I don't doubt that you think that you can tell, especially if you use a magnifying glass. After all, the marketing people say it is better!
Done any direct comparisons without being told which is res is which? I would use the term 'blind' comparisons', but I don't think it is appropriate. I would suspect that you would flag a 1680x1050 with a shiny screen as being clearer than a 1920x1080 with a matt screen.
You must face the fact that at some point there is a cut-off where more does not really mean better. I just think we have already passed that point. And if having such high resolutions drives up the price or power consumption, then I would dispute that it does no harm.
Because you appreciate the extra desktop real estate?
I love my 13" Full HD monitor. Everything is pin sharp and crystal clear, and I can get what I want on the screen without having to carry around a 17" laptop with me.
Hell, even when I RDP from my Transformer Infinity to my desktop everything is still perfectly readable - and that's only 10"
I find a crap 15" 1366*768 much harder to read, and much more fatiguing than a high quality, high res smaller screen.
"Until Windows 8.1 appears, having a touchscreen is a huge advantage to straddle the new Windows 8 user interface dichotomy."
Have I missed something here? 8.1 isn't going to do anything to overcome what many people are struggling with regarding the overt focus on touch input that Windows 8 has. They're just allowing you to boot to the desktop and sticking on a button to take you to the "start screen" aren't they?
I think having a touch screen on a laptop is useless. Most of the time my laptop sits on my desktop almost out of arms reach. I use Windows 8 daily and don't find that I need to touch anything but my keyboard and mouse. On the occasions I do use it on the move I could see myself dropping the thing on the floor if I start touching the screen. Keep touch to tablets, that what I say.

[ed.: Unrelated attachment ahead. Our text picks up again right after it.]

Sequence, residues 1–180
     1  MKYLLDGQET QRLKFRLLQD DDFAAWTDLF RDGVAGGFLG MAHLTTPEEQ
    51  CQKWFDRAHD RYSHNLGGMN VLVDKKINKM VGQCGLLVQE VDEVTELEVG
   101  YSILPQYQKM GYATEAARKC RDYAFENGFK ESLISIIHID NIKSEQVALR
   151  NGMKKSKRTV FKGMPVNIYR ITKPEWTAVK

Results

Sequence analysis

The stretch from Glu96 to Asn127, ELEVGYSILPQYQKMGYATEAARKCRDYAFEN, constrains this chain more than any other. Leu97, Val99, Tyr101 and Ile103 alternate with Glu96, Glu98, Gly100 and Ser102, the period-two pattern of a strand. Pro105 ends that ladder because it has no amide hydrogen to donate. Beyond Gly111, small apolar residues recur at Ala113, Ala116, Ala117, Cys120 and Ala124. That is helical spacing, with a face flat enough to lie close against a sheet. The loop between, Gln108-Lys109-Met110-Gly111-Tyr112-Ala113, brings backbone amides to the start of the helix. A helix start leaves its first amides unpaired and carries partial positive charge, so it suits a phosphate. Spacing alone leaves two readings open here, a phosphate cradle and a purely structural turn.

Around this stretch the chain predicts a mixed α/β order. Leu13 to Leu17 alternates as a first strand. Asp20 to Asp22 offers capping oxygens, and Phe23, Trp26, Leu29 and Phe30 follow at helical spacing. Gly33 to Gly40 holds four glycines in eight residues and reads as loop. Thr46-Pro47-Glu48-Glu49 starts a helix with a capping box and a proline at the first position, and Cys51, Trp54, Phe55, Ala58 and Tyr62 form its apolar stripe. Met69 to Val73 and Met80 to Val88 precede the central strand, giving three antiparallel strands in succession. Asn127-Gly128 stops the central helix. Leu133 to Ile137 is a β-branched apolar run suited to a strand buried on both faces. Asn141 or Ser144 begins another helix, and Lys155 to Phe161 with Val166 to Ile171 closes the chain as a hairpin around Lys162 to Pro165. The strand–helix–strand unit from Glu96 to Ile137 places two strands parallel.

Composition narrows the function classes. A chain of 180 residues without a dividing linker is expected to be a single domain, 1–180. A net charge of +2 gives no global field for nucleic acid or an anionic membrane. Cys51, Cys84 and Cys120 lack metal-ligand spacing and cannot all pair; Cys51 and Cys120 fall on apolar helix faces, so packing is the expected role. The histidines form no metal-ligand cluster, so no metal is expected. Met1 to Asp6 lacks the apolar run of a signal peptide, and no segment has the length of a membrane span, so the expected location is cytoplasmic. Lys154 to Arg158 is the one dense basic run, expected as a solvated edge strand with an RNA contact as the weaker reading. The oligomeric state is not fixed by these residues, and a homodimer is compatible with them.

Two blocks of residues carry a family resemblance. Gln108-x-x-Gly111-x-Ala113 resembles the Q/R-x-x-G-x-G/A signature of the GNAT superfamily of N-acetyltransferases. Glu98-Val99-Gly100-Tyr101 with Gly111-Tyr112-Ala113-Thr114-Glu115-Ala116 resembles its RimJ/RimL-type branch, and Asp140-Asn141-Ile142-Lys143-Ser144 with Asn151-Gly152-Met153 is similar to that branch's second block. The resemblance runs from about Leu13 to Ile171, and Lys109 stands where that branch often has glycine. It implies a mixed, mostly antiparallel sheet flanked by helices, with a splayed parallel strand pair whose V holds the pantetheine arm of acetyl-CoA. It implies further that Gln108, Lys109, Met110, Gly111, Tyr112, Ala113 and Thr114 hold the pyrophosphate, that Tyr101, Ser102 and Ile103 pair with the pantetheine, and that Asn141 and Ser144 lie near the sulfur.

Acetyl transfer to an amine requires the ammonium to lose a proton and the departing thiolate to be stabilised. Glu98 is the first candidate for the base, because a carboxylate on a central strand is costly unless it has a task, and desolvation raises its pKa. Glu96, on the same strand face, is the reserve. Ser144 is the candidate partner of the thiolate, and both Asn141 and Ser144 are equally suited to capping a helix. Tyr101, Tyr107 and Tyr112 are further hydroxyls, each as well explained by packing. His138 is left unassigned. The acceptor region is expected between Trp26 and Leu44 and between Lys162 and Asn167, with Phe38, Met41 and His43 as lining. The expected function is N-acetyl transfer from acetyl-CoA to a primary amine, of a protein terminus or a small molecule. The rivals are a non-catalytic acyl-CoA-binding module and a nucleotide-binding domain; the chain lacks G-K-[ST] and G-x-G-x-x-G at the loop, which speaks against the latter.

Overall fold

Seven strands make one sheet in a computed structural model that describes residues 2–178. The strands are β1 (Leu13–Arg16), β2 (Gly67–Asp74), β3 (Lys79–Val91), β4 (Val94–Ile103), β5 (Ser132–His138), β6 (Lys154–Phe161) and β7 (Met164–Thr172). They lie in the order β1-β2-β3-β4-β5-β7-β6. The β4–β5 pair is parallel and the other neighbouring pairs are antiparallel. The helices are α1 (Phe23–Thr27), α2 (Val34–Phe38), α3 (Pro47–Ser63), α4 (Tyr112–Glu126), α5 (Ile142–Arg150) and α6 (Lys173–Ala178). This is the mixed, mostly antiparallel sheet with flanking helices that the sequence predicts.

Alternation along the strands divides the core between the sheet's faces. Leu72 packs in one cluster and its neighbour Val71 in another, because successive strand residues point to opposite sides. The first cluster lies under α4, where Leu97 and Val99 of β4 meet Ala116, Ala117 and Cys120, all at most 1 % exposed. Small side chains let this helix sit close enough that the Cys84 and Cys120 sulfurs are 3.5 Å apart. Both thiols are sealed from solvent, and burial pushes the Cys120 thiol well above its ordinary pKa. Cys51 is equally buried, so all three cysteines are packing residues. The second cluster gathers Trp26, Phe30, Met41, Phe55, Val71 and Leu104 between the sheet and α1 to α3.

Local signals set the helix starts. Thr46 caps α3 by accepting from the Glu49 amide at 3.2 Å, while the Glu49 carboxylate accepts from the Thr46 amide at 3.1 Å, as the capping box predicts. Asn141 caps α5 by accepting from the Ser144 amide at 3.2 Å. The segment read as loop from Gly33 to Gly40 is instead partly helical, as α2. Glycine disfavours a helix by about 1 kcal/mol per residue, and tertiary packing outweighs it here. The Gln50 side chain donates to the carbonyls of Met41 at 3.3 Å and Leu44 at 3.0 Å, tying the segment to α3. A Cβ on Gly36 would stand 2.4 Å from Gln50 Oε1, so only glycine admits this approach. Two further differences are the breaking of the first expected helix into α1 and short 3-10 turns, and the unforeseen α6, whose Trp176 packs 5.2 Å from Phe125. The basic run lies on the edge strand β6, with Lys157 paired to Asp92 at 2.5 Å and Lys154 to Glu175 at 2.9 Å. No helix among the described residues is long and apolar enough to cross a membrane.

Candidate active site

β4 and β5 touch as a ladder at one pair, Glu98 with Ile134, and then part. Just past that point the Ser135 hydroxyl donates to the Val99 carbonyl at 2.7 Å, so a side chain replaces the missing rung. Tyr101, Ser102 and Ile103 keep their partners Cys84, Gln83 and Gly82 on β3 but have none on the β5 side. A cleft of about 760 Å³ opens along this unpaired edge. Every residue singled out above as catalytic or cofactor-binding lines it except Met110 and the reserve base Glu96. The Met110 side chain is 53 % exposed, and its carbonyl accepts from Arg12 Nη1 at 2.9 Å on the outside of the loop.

I can see SP1 being gratefully received to avoid the newbie confusion of getting to the desktop and the start menu though.
"Until Windows 8.1 appears, having a touchscreen is a huge advantage to straddle the new Windows 8 user interface dichotomy."
A huge advantage? I have to agree with the other comments on here. I have Windows 8 on my desktop, with a large touchscreen monitor (bought due to a deal, rather than wanting a touch screen)..... I think I've touched the screen less than 10 times since I bought it and that was only to show the touch features to interested friends! Maybe it's down to habit, but I find a mouse and keyboard much easier to use than touch.
But that's basically the things that people are complaining about. It'll put the start button back, and apparently, having to move the mouse to the corner is something you can only do easily on a touchscreen, making Windows 8 unusable without one, but Windows 8.1 will fix this, for those people who can't spend the 5 minutes to install a free utility to do the same thing... What else have people been complaining about, and which of these are to do with touchscreens?
Not that I get the argument, but that's what people have been saying. Personally I'm glad MS have finally started making full use of Fitts's Law. And don't get me wrong, I can see that a button is simpler and people might get annoyed by the hotspot, but I don't see this is a touchscreen thing - I mean, how do I "move the cursor to the corner" on a touchscreen? (I could swipe, but usually in a UI, that's treated the same as clicking and dragging - the idea of a cursor position without touching/clicking has no analogy on a touchscreen). Indeed, when I first tried out a Surface RT the other day, I first happily used the keyboard and touchpad, and then thought, maybe I'd better try the touchscreen, and wasn't really clear at first how to do the various things.
It's the same thing we've seen for years with Windows - some people are outraged about big changes in each new version of Windows, but it's really just some subtle smaller thing that has actually caused the upset. MS never back off the big changes - instead they tweak the subtle things that caused the problem, and suddenly, everyone's happy. Happened with XP vs XP SP1, and Vista vs 7.